Saturday, 30 July 2011
Friday, 29 July 2011
Sunday, 24 July 2011
Monday, 18 July 2011
Thursday, 14 July 2011
Sunday, 10 July 2011
Friday, 8 July 2011
The last couple of days I've been reading Beyond the Outer Shores, Eric Enno Tamm's biography of Ed Ricketts 'The Pioneering Ecologist Who Inspired John Steinbeck and Joseph Campbell.'
Ricketts spent a summer in Clayoquot, where my story's set, albeit a decade and a half earlier, and this episode is brilliant for insights about the Princess Maquinna, the legendary steamship that serviced the lighthouses, missions, logging camps, canneries and villages of the West Coast of Vancouver Island.
"The Maquinna is an ugly ship [...] with her thin, elongated funnel and her illproportioned bow, she is ugly from any direction in which you look at her [...] she has stolen the hearts of the people, and I doubt if any vessel afloat could be more beloved."
Ricketts, (the barely-disguised 'Doc' in Steinbeck's Cannery Row) spent his Clayoquot summer foraging at low tide for marine life, making a painstaking inventory of the 'good, kind sane little animals' of the shore. I've been using the book to extend my reading list, get a better sense of the huge significance of the pub at Clayoquot (one of only three on the west coast of Vancouver Island at the time), then sitting and staring and eventually drawing out a little more of my own story, which has been so neglected for the last month or so.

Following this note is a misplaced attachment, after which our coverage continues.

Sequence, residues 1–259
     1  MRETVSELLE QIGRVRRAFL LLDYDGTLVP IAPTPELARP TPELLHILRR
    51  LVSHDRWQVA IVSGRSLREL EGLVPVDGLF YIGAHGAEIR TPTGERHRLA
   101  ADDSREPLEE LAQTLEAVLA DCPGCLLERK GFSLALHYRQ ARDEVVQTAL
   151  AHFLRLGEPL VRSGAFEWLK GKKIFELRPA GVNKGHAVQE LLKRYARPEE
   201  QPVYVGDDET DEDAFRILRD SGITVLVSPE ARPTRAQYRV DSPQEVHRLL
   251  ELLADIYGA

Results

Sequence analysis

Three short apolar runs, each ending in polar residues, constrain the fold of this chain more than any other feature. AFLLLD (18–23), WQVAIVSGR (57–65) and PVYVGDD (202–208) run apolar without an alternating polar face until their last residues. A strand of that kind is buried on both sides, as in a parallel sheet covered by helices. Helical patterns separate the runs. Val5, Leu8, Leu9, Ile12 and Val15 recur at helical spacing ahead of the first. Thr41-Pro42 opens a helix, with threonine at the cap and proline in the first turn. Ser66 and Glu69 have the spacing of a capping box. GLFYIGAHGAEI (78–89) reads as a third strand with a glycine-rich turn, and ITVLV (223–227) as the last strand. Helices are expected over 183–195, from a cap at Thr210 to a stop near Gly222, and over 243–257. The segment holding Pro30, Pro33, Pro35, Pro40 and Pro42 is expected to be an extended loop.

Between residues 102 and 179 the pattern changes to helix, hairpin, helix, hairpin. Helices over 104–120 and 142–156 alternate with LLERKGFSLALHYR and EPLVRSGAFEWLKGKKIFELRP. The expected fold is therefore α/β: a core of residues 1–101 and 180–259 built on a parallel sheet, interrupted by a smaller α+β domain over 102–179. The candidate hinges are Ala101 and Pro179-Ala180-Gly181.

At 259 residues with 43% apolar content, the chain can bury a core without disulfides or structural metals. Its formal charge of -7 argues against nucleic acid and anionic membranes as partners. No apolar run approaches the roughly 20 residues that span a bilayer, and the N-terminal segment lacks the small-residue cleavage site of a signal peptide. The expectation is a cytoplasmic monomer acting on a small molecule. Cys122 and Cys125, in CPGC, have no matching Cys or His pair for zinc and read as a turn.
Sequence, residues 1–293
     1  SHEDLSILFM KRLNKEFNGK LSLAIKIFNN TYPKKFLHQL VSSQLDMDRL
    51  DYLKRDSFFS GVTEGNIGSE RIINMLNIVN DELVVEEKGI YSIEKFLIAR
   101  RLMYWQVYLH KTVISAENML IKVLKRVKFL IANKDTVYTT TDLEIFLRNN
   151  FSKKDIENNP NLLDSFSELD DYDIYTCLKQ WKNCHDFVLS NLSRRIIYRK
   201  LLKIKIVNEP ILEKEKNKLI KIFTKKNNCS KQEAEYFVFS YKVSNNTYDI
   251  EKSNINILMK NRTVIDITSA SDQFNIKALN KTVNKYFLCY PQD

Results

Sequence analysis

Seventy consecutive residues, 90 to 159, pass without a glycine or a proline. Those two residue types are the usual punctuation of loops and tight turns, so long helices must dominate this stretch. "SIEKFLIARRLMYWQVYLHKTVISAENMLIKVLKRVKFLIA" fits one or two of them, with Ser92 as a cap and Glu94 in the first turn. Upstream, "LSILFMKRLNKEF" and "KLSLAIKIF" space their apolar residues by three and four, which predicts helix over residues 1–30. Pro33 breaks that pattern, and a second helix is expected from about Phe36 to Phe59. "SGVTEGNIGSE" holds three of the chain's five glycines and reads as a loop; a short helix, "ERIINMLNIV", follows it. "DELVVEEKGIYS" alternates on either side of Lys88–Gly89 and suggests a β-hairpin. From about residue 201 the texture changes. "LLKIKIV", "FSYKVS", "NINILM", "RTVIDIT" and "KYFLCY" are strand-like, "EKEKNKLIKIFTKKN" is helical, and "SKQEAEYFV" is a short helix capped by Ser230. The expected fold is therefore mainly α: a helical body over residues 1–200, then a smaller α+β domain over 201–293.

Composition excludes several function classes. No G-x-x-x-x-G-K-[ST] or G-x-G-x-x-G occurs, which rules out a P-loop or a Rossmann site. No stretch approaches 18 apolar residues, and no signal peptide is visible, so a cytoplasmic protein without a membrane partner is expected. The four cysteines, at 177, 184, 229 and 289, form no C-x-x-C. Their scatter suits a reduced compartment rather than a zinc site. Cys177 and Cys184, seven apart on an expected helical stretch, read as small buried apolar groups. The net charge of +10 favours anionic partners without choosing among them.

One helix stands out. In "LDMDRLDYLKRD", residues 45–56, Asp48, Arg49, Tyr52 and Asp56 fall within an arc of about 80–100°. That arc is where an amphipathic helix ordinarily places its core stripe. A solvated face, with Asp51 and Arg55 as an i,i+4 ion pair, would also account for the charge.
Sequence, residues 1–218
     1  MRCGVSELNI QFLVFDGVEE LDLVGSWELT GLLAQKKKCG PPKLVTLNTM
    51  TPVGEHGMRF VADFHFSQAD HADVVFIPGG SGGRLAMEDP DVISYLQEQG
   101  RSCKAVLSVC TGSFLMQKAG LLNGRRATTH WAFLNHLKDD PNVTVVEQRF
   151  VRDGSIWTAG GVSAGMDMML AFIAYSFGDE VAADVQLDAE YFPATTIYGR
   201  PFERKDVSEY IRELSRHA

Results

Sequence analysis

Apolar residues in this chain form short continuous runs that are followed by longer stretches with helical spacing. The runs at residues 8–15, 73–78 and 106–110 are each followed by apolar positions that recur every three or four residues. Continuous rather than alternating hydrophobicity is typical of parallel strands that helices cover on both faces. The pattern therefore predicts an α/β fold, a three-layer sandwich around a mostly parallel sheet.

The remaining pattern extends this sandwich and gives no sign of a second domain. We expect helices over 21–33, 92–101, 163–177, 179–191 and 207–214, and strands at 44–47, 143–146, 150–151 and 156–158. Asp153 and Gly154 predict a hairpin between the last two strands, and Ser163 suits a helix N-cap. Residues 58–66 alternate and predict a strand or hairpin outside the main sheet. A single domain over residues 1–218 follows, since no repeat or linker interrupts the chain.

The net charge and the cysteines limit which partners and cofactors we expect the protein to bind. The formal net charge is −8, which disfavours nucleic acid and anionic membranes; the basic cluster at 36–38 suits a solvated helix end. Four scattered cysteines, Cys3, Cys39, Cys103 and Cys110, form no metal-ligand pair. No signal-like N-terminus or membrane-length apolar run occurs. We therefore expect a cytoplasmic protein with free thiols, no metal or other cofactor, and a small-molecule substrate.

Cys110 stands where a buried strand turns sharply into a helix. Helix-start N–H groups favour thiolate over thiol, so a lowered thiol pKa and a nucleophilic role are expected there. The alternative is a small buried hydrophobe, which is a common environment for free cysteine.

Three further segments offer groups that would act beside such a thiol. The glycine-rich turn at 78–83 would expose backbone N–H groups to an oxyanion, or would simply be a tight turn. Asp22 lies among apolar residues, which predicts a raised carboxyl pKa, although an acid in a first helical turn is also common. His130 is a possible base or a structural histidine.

The folk are good. Last night I spent some time talking novel (particularly the pure intent of the ones which are never meant to be published, and what a luxury the absence of ambition can be) with Claire Wigfall. Her debut The Loudest Sound and Nothing was published by Faber in 2007 and she's currently the Book Trust's Writer in Residence.
The others are visual artist Chris Evans, James Rigler, a ceramicist, with whom ('with whom'!) I've debated benefits of various courgette species; Olufemi Terry, who won the 2010 Caine Prize for African Writing, currently resident in Berlin, Lina Peterson, a jeweller; Roanne Dods and Frances Priest – this weeks 'Creative Catalysts', who led us astray yesterday to the ruins of St Peter's Seminary in Cardross, just down the road from Hell(ensborough); a vast tangle of graffitied concrete and drifts of shattered glass. It rained and thundered, what Rickett's might have called 'Old Testament Rain'. It looked like the multi-storey carpark in Altrincham Town Centre. The niches in which the trainee priests (we speculate) could pray, dripped. Frances directed us to 'Concrete Britain' when we got back which merges footage of the seminary ruin and the building in use: elegant, bright, airy, modern.